WHY did we get a full price offer?
    1. We promoted that it was COMING SOON. Without this, this offer likely would not have come to reality. The buyers had been looking for several months and were about to write on something they didn’t like as much.
    2. We wouldn’t show until it was show ready.
    3. It wasn’t listed. It was going to be listed. This created urgency for the buyers to bring their HIGHEST AND BEST so it would be accepted without the owners feeling the need to go through the typical process. It was, after all, the buyers who had the greatest urgency.

    So… can someone can tell me how that was a disservice to my clients? If not, then can we all stop assuming ugly things about one another and assume that professional agents know how to do their job and work with their clients best interests in mind? (That would be RAISING THE BAR, my friends.)

    And NAR… could YOU at least assume that? Its bad enough my colleagues feel the need to make blind statements that are not based on fact. Publishing articles like this one appears to me that (a) you do not support your members and (b) you are trying to promote a single method of doing business…. what was it that the DOJ called them…. hmm, something about restricting trade or something…

  25. I agree with the few Agents that have commented in favor of Pre-marketing property as being in the best interests of the Client. I have quite a few clients that have houses that are not quite ready for pictures to be taken, or to have any potential buyers walking through their homes yet, however, they know they are going to sell, they want to list now, but have other things they need to get done first.

    It would be my negligence to either list prematurely and wind up with a larger number of DOM, therefore insinuating to potential buyers that there is “something wrong” with the property or else someone would have already purchased it by now, or just wait until the property is ready and in the meantime do nothing. In that instance no one, not one buyer or Agent is made aware that this property is coming to the Market soon. A buyer could wind up settling for a different house, but if they knew this one would be available soon, maybe they would wait for it. Also, if my seller wants to sell ASAP for whatever their personal reasons are, and they wish for me to “spread the word” before everything is up and ready to be listed, this way they get the most possible exposure they can get to hopefully get a buyer right away, that is their prerogative, as well as their right.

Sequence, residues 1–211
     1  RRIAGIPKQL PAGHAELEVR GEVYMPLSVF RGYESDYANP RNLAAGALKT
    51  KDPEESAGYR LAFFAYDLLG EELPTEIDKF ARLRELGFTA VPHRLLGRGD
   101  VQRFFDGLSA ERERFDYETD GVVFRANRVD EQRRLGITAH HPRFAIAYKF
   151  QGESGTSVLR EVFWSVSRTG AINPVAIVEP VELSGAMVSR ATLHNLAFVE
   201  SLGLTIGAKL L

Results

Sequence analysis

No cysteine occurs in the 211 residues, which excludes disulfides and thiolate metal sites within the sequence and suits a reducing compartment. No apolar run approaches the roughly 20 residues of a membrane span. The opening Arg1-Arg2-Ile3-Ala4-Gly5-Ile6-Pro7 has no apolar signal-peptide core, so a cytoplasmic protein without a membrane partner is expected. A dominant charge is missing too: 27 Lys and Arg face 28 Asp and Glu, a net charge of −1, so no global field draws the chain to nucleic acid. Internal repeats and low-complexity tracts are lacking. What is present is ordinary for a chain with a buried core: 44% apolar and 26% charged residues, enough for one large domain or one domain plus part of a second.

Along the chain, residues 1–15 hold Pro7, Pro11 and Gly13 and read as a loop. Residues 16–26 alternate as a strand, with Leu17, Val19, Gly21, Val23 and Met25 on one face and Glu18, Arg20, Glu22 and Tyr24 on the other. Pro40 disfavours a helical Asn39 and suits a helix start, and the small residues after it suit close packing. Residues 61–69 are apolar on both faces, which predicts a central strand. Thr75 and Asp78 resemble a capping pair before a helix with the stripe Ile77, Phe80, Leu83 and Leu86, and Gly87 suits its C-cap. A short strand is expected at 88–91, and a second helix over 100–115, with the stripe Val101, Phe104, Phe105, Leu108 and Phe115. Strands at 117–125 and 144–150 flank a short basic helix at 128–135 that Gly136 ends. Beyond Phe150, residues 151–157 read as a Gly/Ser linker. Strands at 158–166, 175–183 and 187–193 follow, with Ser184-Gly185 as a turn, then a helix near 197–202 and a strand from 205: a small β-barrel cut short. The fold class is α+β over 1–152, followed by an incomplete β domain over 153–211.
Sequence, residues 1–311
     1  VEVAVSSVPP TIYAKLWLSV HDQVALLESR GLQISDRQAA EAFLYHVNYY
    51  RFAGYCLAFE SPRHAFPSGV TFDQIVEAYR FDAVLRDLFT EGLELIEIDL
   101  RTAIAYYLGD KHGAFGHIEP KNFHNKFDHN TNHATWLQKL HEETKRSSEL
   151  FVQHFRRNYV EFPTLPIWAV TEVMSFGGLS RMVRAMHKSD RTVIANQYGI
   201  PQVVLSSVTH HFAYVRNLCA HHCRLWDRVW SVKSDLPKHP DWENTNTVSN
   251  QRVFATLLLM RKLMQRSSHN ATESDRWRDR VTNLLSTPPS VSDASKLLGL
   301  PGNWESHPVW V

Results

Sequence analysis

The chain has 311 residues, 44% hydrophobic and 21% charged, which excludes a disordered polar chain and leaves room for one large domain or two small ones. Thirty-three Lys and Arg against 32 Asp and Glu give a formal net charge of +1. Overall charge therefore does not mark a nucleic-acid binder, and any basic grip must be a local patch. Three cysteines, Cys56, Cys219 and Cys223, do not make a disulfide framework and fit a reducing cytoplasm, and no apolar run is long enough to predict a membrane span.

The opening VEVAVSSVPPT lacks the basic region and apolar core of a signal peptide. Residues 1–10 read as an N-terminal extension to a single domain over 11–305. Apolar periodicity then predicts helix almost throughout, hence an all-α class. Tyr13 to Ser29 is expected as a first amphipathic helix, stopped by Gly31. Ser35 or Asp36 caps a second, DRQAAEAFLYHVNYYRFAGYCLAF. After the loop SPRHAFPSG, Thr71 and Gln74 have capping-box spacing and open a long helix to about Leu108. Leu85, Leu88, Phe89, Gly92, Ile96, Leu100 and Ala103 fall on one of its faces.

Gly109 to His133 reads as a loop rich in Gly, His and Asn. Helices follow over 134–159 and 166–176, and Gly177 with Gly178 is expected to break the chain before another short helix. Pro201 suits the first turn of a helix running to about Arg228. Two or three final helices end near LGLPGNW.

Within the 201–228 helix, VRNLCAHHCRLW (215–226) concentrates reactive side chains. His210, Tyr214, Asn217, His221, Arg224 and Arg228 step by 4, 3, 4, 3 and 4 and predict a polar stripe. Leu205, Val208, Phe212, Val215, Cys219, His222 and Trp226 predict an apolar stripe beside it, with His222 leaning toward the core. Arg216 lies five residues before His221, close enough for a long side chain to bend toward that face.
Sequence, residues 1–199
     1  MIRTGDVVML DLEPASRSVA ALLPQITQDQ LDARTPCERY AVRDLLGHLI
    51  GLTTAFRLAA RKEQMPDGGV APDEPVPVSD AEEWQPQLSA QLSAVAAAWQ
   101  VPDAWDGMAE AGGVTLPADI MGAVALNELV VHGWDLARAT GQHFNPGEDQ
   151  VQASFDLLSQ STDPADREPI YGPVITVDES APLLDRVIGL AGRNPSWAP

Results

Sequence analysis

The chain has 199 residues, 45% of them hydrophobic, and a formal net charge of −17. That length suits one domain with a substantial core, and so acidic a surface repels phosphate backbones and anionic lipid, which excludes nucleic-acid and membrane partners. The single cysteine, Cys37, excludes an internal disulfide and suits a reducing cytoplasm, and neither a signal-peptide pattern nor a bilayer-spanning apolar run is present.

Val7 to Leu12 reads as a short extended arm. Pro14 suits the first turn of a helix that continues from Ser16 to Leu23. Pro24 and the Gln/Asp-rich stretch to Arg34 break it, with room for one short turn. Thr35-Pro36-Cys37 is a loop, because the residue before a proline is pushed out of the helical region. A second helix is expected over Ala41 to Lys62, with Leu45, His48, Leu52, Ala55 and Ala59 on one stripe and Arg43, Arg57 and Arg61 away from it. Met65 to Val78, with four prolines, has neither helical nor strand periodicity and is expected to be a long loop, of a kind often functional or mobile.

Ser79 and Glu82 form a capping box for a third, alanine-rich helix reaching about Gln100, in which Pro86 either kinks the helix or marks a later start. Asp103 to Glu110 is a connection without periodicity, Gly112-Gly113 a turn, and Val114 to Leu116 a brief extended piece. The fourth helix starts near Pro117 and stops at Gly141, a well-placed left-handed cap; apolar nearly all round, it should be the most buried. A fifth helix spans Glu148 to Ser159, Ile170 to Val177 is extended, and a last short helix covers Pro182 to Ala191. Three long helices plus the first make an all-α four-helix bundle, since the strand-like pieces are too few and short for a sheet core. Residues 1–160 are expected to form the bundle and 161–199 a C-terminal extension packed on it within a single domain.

As to Agents being upset regarding “pocket listings” and so called doubling their commissions by way of Dual Agency, that is just ludicrous. Am I the only one aware that an Agent would not double their commission through a dual agency? They would receive their normal commission for their listing and the other Agent in their office would receive their normal commission for their buyer. I don’t see the problem with pre-marketing, the objective is to sell the house, if you get the job done sooner I believe everyone benefits… If a seller gets an offer for a price they don’t like, they wont accept it, they will wait for the next, ultimately it’s their decision.